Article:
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  • Writer's pictureFrancois DesRochers

The Bazaar #44: Using Horror Factor

(The Psychology of Horror)


The following is a bit of a study of ‘evil’ in Rifts RPG, specifically in how it translates into the Horror Factor rules and the checks expected from PCs when they encounter something demonic or monstrous. It is also a position paper of sorts, countering the argument that repeated exposure to a creature that presents with a Horror Factor, should somehow nullify the effects of that creature’s Horror Factor. In my opinion, this takes away a key element of the visceral and threatening nature of the beasts we force our PCs to deal with. The following presents the how and why. Of course, at the end of the day, the GM can tell me to ‘go pound sand, I let my PCs auto-pass,” which is perfectly fine and valid.


General. As a universal concept, it escapes a general definition across multiple disciplines: religion, politics, art, criminology, evolutionary biology, psychology, all provide variations on a theme. found on paper that defined it under two varieties, which I think is apt:

  • Natural. Physical pain/suffering brought by natural phenomenon (e.g. Pompeii, Haiti earthquakes) that cause immense misery.

  • Moral. Deliberate induction of pain or suffering through physical, intellectual or institutional power to dominate, dehumanize or kill. Victims are either innocent or retaliation greatly exceeds initial provocation. Horror Factor is therefore limited to this aspect.

Magnitude Gap. A concept that victims experience extensive physical and psychic turmoil that extends far after the trauma, while perpetrators are unblemished or perhaps better off for causing the trauma. The performer of the evil gains far less over a limited period, than the victim loses much over a much longer period of time. A grizzly thing to consider, for sure. This extends clinical discussions to the concept of sadism, something I wholeheartedly bar from further discussion in this dynamic – don’t go there.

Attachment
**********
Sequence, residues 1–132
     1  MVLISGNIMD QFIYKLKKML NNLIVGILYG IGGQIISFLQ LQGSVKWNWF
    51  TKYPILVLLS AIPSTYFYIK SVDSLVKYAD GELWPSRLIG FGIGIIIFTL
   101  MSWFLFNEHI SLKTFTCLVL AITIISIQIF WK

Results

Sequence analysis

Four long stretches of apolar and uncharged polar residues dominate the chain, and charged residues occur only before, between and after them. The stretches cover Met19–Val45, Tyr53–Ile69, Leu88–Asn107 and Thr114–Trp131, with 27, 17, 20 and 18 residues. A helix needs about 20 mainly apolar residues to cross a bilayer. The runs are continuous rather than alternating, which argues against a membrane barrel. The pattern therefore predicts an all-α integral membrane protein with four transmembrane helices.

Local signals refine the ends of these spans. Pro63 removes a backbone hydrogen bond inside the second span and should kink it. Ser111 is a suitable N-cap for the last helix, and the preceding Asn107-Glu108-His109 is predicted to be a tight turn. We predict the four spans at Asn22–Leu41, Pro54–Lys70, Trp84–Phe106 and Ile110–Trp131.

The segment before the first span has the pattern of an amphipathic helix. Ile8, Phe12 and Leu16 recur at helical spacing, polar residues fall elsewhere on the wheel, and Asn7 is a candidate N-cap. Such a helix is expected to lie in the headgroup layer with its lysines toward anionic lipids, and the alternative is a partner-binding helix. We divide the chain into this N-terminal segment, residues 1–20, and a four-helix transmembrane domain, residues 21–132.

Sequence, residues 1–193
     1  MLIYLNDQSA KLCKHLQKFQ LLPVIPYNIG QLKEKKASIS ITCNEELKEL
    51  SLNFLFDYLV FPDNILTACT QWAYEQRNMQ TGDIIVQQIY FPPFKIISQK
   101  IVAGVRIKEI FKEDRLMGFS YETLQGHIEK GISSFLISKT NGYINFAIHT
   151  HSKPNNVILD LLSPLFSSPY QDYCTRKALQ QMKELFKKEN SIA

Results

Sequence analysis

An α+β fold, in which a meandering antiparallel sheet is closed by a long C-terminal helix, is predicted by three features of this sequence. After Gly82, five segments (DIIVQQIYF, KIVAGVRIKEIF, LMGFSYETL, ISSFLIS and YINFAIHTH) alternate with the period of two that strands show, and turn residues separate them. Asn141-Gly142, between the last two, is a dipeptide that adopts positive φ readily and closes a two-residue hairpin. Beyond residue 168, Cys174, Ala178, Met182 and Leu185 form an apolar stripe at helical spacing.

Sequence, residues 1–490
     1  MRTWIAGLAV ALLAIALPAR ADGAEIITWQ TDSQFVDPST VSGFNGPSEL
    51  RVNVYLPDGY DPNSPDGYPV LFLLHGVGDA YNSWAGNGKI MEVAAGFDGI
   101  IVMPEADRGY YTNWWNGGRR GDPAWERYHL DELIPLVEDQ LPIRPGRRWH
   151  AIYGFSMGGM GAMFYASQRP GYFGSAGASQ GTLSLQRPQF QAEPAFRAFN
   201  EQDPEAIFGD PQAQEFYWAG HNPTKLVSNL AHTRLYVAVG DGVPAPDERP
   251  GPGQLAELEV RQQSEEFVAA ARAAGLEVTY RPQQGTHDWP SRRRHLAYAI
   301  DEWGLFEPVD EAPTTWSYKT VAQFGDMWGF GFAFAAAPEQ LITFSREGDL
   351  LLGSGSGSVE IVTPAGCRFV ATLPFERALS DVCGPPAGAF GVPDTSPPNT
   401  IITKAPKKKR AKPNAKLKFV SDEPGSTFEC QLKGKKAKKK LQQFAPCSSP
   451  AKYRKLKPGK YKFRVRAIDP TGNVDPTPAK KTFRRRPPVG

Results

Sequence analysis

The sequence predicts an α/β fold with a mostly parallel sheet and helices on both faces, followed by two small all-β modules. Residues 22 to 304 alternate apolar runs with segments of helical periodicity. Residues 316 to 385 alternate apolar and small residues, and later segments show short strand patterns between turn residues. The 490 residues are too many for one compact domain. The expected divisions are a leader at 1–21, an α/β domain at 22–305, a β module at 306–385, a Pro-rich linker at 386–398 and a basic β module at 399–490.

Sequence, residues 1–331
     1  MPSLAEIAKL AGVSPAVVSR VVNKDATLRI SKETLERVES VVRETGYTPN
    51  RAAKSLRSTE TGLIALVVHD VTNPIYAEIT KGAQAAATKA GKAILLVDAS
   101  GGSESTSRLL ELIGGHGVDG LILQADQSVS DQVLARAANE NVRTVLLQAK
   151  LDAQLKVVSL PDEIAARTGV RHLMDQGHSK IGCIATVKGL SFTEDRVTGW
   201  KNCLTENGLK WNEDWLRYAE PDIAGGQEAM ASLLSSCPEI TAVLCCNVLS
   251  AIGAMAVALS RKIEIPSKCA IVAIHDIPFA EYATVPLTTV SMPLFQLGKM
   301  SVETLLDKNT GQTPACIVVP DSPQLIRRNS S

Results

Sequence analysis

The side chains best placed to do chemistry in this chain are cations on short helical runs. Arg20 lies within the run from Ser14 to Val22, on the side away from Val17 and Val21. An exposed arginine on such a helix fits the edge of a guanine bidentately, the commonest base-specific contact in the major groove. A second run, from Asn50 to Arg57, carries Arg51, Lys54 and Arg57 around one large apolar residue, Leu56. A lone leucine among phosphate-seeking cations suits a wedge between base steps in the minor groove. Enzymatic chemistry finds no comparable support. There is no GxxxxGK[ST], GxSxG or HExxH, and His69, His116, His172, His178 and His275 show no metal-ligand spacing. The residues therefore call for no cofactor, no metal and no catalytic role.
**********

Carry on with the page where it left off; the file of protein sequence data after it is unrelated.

TED Talk. An interesting video presented by Philip Zimbardo on evil, using the Abu Ghraib prison fiasco and clinical psychology trials to show how use of logical fallacies and manipulations of circumstances (de-individuation of self, blind obedience to authority, uncritical conformity to group norms) can disassociate good people from their moral center (e.g. how Principled and Scrupulous soldiers would occur in the Coalition States). There are negligible occurrences of Humans with a HF, and psychology is not “excuse-ology.” I won’t link to it based on the intense content, but it reveals how elements of evil are misunderstood. It begs the question: how could we possibly fathom a supernatural creature’s mental state? Evil transformation occurs due to:

  • Disposition. The individual is a ‘bad apple’

  • Situation. The barrel is bad, good apples get mixed in

  • System. The broader influence of political, economic, legal powers. I’ll extend this to also include social/cultural and religious powers, typically because of the inflexibility they typically bring, and the overbearing response to threat of their power bases. The system affects the barrel. We don’t know how this would affect beings from another dimension.

Note: The concept of this moral evil relates to an upcoming Law of Armed Conflict in Rifts post.


General. Depending on where you look, you can find what elements make up good horror fiction/television/movies. For the purposes of this discussion, we’ll consider them under 5 Elements. Typically, whatever media you are enjoying (book/television/movies) will focus on two, perhaps three elements and dive deep into it to create an atmosphere of horror and terror. Suspense is built and tension held on as long as possible, keeping the reader/viewer engaged at the edge of their seat. There are some that likely try to present the gamut, but I am hard pressed to think of one that does so successfully. Perhaps Cloverfield (highly recommended)? Maybe Event Horizon (not really recommended)? The list below almost reads like a primer for how to play a good game of Beyond the Supernatural, so there is some overlap. Definitions provided by Oxford Dictionary:

  • Suspense. A state of feeling excited or anxious uncertainty about what may happen.

  • Fear. The unpleasant emotion caused by the belief that someone or something is in danger, likely to cause pain, or a threat.

  • Violence. Behaviour involving physical force intended to hurt, damage, or kill someone or something.

  • Gore. Blood (or viscera) that has been shed, especially as a result of violence.

  • The Supernatural. A manifestation or event attributed to some force beyond scientific understanding or the laws of nature.